Some oceanographers study the ocean’s motion and circulation.
Oceanographers study oceans — their composition and ecosystems — to learn their effects on weather, to find oil or to resolve environmental problems, for example.Oceanography is traditionally divided into five specializations: biological oceanography, chemical oceanography, geological oceanography, ocean engineering and physical oceanography. Today, oceanographic work sometimes takes a more interdisciplinary approach. A position might require a combined knowledge of geological oceanography and marine chemistry, for example, according to Kent State University. Oceanography careers typically require graduate study.
Average Annual Salaries
Salaries depend on education, experience, work location and the state of the economy. While oceanographers earn a starting salary of approximately $50,460 annually, the average salary overall of oceanographers is approximately $77,890 and the most-experienced oceanographers, including those with Ph.Ds., make approximately $99,690 annually, according to OceanCareers.com.
In 1999, a closer look at salaries by position and by education shows that laboratory technicians — these positions tend to be filled by those having only a bachelor’s degree — had an average salary range of approximately $25,000 to $35,000; marine scientists — those who have a master’s or Ph.D. but do not necessarily teach in universities or lead research teams — had an average salary range of $25,000 to $45,000; and research professors, those having a Ph.D, teaching in universities and leading research teams, had an average annual salary range of $45,000 to $90,000, according to the Virginia Institute of Marine Science.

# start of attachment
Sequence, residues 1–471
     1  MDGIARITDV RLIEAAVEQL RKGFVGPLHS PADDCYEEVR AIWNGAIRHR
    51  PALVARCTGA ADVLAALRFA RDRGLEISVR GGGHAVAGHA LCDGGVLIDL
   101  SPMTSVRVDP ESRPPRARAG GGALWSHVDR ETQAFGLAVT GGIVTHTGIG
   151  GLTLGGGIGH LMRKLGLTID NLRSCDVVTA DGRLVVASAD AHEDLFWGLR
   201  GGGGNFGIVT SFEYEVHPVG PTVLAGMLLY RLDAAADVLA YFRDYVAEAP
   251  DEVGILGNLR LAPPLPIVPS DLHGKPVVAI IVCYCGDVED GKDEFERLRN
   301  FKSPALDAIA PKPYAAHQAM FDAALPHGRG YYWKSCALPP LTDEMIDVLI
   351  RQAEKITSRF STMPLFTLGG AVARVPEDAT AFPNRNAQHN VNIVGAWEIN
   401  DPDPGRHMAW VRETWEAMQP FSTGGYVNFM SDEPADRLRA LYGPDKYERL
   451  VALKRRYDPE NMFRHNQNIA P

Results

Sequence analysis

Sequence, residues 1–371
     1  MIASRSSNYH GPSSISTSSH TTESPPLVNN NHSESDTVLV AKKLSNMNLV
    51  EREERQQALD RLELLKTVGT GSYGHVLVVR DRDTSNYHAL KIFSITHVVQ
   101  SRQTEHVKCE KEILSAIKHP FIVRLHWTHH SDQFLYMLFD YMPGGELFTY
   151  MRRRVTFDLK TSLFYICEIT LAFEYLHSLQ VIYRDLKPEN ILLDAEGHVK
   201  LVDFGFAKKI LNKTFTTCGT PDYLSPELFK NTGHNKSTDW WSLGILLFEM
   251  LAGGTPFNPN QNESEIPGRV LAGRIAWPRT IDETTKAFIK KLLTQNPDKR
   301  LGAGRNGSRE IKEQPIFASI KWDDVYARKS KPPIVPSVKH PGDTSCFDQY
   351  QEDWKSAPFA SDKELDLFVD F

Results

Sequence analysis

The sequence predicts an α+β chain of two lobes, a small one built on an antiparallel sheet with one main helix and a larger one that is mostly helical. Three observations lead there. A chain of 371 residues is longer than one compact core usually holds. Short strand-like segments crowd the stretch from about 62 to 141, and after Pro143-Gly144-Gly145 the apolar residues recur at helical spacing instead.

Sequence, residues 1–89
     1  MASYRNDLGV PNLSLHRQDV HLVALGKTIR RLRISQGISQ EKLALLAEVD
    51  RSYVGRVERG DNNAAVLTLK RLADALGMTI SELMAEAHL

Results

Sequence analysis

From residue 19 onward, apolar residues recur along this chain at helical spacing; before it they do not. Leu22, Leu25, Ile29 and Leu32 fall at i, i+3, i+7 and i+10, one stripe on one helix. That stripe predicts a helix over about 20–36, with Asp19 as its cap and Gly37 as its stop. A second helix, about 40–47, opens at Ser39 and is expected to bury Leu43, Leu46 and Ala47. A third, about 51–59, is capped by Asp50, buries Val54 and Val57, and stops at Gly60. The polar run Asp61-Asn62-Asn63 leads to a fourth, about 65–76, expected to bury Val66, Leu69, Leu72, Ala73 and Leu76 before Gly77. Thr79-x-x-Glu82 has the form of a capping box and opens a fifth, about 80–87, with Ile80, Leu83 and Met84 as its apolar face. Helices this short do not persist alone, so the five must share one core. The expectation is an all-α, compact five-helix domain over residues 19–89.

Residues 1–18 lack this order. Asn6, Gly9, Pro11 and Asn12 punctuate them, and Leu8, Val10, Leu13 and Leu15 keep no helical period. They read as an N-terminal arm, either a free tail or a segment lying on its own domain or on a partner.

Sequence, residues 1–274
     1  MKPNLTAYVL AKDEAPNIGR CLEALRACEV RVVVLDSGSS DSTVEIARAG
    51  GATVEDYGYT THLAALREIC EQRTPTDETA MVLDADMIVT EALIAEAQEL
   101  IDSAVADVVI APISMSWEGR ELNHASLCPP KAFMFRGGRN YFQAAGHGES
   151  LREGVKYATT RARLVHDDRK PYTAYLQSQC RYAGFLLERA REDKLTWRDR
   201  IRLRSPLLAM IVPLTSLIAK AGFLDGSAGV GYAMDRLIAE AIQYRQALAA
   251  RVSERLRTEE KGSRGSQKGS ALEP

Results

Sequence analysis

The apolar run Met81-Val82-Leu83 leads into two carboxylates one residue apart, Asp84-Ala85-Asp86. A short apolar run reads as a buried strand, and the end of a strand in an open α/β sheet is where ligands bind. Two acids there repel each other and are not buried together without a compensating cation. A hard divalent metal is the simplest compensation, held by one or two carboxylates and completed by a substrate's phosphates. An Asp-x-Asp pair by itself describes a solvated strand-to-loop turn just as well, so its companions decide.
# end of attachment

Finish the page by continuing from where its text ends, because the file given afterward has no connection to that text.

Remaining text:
In Education and Federal Government
In 2005, professors in chemical or physical oceanography made an average annual entry-level salary of $59,181; assistant professors made an average annual salary of $67,718; and associate professors made $95,185, according to Sea Grant Marine Careers.
In 2006, oceanographers working for the federal government, in agencies such as the U.S. Geological Survey, made a median annual salary of $87,007.
Careers in oceanography typically require a master’s degree or Ph.D. A bachelor’s degree in science or math qualifies students for graduate study in oceanography, and also for positions such as lab technicians and positions in non-scientist work, such as in science-related marketing and publishing. Undergraduates interested in graduate work in oceanography typically major in biology, chemistry, geology, physics, mathematics or engineering, according to Kent State University. In fact, the Virginia Institute of Marine Science recommends that students not specialize in marine sciences as undergraduates, but instead focus on fundamental courses in math, chemistry, biology and physics before specializing once in graduate school. Speak with an academic adviser before scheduling courses.
A master’s degree qualifies you for more technical work, such as running experiments under an oceanographer’s supervision or for becoming involved in public policy. A Ph.D. allows the holder to perform research as a team leader and work as a professor at colleges and universities.
The U.S. Bureau of Labor Statistics groups oceanographers with geoscientists and hydrologists, and anticipates that employment for these occupations will grow by 18 percent between 2008 and 2018. The need for energy, environmental protection, responsible land and water management, and exploration and production of oil and gas will increase job prospects, according to the bureau, as will growth in technical consulting services. However, it anticipates there will be fewer job opportunities in federal and state government because of budget constraints and the trend among governments toward contracting out to consultants.